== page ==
Regardless, I feel very proud that we managed to get Puzzle Bots, Gemini Rue, Da New Guys, Resonance, and Primordia out into the game-o-sphere. They are all great games - games that we (meaning Wadjet Eye) couldn't have created on our own.  I've worked with some wonderful developers and learned so much from seeing how they all  work. We are  much more financially stable - having lots of new games allowed us to pace out our releases and spread out the risk, so if one game failed we wouldn't go down with it.  Before we were just squeaking by, but now we have actual savings and enough of a "long tail" that we don't have to worry about going bust anytime soon. 

But still. I miss designing. I miss sitting in a cafe with nothing but my notebook and a bagel. Getting into publishing was AMAZING, but for now I want to get back to doing the thing that got me into game development in the first place. 
Hello, left side of the brain. It's been awhile. Have some coffee. Let's talk.

Wednesday, August 22, 2012

More fun with placeholder art!

So awhile ago I announced Primordia, the next game we are publishing. It's unique in that I am not directly involved with production, aside from project management and dealing with the voiceovers. It's got the biggest team we've ever had on a single game - with a dedicated writer, artist, composer, and programmer. So it's been an interesting experience.

Since my involvement is so minimal, it often leaves me with large chunks of time where I'm not doing anything. So what to do with this extra time? Work on the next Blackwell game, of course.

It's slow going, because I don't work well when I'm constantly shifting gears, but it's definitely taking shape. I am tentatively calling it "Blackwell Epiphany" and like Deception before it, it's becoming the largest Blackwell game yet. No art assets exist for the game yet, but I am making some good headway using a combination of sketched backgrounds, MSpaint, and sprites from the previous game (which I will be replacing).

So while I can't reveal any details, I CAN reveal these lovely programmer art scenes that I've programmed!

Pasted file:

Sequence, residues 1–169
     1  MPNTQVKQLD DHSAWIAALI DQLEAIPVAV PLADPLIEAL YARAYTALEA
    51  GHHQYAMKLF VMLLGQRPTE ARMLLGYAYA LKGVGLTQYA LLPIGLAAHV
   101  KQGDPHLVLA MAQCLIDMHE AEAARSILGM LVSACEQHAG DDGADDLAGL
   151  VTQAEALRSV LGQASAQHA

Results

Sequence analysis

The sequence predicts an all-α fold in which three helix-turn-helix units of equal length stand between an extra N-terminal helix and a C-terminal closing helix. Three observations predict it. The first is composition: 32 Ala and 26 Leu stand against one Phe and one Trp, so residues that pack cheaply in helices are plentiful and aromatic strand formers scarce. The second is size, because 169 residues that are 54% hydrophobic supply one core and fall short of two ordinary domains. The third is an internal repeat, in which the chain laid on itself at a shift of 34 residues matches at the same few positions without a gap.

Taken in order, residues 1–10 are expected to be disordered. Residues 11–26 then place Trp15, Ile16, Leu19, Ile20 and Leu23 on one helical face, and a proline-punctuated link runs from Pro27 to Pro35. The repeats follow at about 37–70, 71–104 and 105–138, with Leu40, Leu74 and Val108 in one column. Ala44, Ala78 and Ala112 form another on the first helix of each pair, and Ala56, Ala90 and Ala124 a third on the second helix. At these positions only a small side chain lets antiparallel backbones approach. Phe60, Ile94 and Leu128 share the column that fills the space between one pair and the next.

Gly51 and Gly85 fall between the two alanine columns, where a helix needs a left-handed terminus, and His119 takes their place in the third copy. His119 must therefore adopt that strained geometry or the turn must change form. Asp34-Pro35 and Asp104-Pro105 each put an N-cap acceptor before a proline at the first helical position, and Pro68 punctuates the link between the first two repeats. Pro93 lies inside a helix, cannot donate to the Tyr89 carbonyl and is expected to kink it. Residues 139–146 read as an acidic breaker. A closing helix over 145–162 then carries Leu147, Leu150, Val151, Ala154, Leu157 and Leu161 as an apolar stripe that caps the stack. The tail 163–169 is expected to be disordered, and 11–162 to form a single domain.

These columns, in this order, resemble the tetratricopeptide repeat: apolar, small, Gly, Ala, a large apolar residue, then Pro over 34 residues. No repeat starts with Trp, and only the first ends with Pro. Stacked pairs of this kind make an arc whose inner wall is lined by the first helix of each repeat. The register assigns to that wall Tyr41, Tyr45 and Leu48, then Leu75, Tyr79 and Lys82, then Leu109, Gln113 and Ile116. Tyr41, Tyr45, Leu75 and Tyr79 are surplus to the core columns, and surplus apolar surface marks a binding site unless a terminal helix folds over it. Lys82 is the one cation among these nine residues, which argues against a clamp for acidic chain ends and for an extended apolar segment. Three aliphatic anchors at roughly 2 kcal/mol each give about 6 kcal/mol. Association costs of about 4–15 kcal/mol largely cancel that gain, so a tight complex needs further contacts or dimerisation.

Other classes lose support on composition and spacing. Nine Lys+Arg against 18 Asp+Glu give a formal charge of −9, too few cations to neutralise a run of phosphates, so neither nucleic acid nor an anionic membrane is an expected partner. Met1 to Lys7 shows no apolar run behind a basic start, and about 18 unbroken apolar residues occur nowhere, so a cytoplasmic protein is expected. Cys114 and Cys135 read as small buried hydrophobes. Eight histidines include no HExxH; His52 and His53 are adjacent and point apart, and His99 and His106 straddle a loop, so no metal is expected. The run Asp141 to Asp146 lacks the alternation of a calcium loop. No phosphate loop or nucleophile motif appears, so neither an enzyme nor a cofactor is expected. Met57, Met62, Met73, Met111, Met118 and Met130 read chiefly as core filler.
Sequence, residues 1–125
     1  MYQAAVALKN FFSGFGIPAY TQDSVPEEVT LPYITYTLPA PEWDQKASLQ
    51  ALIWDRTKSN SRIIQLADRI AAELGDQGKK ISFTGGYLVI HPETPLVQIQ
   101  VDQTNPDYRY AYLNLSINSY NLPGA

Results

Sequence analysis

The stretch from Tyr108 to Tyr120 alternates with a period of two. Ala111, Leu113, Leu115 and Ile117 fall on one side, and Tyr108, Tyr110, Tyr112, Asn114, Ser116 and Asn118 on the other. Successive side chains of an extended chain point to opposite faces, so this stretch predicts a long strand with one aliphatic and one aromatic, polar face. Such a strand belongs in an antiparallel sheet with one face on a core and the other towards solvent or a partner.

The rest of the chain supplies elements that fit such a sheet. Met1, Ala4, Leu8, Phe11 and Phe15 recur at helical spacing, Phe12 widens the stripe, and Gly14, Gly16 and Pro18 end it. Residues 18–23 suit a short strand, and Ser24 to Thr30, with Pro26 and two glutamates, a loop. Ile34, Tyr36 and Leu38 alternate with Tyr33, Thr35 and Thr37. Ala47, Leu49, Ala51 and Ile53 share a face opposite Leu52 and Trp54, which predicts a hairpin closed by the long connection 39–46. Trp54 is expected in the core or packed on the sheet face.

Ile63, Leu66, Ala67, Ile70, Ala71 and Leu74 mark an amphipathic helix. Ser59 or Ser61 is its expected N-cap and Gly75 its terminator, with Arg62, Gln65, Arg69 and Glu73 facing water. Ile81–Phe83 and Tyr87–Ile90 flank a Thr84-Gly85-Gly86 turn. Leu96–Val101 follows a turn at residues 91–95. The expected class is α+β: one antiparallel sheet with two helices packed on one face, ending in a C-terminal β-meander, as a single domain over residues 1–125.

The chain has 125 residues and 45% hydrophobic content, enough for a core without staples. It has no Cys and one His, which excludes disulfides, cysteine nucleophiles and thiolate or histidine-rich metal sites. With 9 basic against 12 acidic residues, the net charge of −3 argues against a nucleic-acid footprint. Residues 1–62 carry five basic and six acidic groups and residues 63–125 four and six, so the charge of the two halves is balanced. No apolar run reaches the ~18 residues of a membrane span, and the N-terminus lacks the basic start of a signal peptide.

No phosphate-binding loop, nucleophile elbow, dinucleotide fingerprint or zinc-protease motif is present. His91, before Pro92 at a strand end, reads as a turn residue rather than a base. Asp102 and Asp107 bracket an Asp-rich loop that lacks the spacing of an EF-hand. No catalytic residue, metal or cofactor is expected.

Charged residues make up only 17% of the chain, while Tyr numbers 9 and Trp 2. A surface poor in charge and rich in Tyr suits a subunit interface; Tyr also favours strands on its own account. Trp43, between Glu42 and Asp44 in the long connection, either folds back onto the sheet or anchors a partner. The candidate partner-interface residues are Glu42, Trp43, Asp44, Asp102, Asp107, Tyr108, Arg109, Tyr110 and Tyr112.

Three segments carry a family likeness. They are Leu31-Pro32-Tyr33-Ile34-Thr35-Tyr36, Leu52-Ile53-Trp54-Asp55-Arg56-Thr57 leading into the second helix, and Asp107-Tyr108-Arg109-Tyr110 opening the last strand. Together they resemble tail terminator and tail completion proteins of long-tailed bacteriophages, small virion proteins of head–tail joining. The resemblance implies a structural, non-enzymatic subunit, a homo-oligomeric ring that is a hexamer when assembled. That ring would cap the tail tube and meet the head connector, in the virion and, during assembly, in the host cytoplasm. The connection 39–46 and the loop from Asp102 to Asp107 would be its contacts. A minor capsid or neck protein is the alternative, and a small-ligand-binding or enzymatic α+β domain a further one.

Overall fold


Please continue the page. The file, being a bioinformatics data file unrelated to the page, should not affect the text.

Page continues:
The red bits are graffiti. That's how you know it's EDGY.

Tactile puzzle!

Mashup of photo and MSpaint.

If only I could get away with making games that look like this. My productivity rate would skyrocket. In any case, it feels really good to see Joey and Rosa up on my screen again.


Monday, July 23, 2012

Dude, where's my boxed edition?

I talked a few months ago about my "ocean marketing" moments. Moments where I did something wrong, or something just WENT wrong, or in general things didn't go as smoothly as I would have liked. One of those moments has come to pass again, and as a cautionary - albeit a bit embarrassing - tale I have decided to blog about it.

When Resonance first went on sale, I offered a digital version and a physical boxed version. I've done the physical version thing before, but that was usually just a CD in a snap case. The process in making those was always quite simple, as I always use a local duplication service (called Landshark CD, who always do a really great job).  All I needed to do was give them the art for the disc and case, as well as a memory stick with all of the files on it. Then they would create a proof for me to take a look at, and once I gave the green light they would take care of the rest. A week later, they'd call me to tell me the job was finished and I could come pick it up. They are a ten minute subway ride away, so it was a simple matter to zip over there and bring back all the packages by taxi.

However, this time around we wanted to do something different. A snapcase was all well and good, but we wanted to make an actual BOXED EDITION. A box which contained the disc and a poster, all professionally done with nice art and everything. The hype behind Resonance seemed to call out for it. If we were going to do a boxed version, now was the time.  So I went ahead and struck a deal with a manufacturer called Coral Graphics who specializes in this kind of thing. They were recommended by people I know at TellTale, so I knew they would do a good job.